By on November 2, 2009

\Stop me if you've seen this one... (courtesy:spillingcoffee.com)

GM was given its last $30B of taxpayer money as it entered bankruptcy in early June of this year. By the time GM exited Chapter 11 protection on July 10, there was only $16.4B left in its bailout escrow account. According to an 8-K form filed today with the SEC, GM now has only $13.6B remaining in that account, less than one-third of GM’s $50B total bailout (not counting assistance to GMAC). GM’s rescue of its major supplier, Delphi, consumed $2.8 billion from its escrow account. According to the form:

Approximately $1.7 billion was utilized to acquire a membership interest in the new Delphi entity and approximately $1.1 billion was expended in the acquisition of Delphi’s global steering business, certain domestic facilities and other related payments

The form also confirms that GM spent about $417M on GM-Daewoo’s recent rights offering, but notes:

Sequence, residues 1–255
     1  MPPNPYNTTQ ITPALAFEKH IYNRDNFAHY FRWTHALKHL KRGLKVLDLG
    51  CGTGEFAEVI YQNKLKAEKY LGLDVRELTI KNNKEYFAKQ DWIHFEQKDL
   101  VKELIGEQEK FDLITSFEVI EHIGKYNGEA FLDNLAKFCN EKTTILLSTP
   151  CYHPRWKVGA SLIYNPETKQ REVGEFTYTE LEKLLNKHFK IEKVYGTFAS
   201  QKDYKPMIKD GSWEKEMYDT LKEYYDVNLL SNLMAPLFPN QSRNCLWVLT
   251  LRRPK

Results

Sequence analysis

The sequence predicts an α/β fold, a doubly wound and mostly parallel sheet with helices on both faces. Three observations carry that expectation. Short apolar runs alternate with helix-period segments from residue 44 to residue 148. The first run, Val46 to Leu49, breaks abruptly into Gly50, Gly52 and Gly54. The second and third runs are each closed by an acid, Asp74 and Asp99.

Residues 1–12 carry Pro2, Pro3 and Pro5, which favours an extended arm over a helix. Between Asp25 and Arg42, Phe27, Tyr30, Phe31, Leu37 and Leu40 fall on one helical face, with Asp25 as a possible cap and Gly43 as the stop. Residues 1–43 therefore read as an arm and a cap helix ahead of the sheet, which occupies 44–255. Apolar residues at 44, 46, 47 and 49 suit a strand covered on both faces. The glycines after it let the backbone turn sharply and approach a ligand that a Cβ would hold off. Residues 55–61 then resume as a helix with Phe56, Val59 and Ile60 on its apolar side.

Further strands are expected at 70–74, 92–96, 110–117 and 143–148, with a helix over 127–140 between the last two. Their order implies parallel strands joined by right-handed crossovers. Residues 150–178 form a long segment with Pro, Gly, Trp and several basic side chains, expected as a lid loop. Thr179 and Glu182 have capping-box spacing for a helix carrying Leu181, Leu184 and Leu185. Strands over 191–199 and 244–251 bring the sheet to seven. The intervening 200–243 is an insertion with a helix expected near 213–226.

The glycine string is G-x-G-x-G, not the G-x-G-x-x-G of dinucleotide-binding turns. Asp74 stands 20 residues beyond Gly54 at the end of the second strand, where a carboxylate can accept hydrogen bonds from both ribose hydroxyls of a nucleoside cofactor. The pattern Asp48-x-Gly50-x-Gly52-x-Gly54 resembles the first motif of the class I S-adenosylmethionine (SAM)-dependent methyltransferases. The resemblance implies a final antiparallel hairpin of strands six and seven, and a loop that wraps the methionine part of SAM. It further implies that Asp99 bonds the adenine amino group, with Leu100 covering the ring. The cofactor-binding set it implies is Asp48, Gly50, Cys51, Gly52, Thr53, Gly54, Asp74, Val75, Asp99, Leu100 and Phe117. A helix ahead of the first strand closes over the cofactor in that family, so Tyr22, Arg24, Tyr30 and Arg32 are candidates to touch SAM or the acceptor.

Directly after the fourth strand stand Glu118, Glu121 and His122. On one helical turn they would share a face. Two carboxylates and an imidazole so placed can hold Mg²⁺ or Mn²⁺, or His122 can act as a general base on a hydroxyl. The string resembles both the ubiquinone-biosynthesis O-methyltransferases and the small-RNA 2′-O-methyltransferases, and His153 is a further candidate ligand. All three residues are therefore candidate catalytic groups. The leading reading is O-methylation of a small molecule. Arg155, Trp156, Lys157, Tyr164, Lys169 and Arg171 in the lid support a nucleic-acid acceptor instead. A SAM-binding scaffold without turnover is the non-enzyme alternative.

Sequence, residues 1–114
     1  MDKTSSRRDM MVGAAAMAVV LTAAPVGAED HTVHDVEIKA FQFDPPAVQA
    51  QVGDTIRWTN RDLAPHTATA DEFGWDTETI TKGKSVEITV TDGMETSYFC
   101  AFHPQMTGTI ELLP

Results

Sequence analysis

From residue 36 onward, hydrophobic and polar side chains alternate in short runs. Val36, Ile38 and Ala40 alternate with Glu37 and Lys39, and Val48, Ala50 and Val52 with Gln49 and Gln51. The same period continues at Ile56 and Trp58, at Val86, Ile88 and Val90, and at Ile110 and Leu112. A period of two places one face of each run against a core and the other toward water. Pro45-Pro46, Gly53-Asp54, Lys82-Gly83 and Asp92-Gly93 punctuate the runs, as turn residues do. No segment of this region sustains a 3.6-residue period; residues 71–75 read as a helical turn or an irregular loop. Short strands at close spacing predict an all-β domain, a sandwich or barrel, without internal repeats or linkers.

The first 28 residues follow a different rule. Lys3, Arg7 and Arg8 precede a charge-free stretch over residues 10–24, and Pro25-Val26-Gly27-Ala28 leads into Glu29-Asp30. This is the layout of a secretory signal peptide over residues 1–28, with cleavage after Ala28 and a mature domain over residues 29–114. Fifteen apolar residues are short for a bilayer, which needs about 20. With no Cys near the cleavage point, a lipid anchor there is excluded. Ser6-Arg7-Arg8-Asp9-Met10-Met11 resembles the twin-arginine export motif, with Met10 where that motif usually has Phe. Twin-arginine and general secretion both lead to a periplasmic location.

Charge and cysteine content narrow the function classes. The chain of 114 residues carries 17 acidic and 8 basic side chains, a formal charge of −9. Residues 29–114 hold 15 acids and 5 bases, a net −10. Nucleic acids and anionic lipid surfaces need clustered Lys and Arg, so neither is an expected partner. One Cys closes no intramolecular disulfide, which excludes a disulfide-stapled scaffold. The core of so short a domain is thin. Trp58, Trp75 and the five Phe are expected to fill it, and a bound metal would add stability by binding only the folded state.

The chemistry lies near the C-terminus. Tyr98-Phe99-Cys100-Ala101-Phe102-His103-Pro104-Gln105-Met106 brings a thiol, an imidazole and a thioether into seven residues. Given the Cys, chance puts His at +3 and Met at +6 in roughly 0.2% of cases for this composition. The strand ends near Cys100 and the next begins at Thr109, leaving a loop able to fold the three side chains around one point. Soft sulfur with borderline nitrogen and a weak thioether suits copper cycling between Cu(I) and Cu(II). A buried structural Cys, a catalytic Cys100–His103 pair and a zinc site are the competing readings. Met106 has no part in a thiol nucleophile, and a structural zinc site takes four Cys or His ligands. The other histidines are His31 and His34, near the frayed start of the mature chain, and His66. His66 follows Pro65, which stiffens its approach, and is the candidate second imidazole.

GM has not finalized the accounting treatment for the participation in GM Daewoo’s equity rights offering.

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15 Comments on “$13.6 Billion Remaining in GM’s Bailout Escrow Account...”


  • avatar
    dwford

    So GM is using tax dollars to re-aquire failing businesses it jettisoned years ago instead of using the money to fix itself?

  • avatar
    lw

    I think I finally get it.. The GM culture doesn’t understand the concept of stewardship.

    Stewardship – the conducting, supervising, or managing of something; especially : the careful and responsible management of something entrusted to one’s care (from Webster’s web-site)

    GM is like a senile grandma that gives her grand kids $50 each, then can’t pay her electric bill.

    The kids each buy a video game that they may never play and the lineman at the local electric company can’t get a raise because of all the deadbeats that don’t pay their bills.

    GM has no idea how to be good stewards. They are smart, dynamic people with good intentions. They work hard and when things go bad they work harder.

    Stewardship.. It’s that simple. The most ironic part is that the government is about the WORST role model anyone could have in this area. So GM is hosed.. Turn out the lights…

    How sad…

  • avatar
    JSF22

    On the off chance anyone actually thought there was any hope for change at GM, consider for a moment the following from today’s Automotive News article about that idiot Susan Docherty: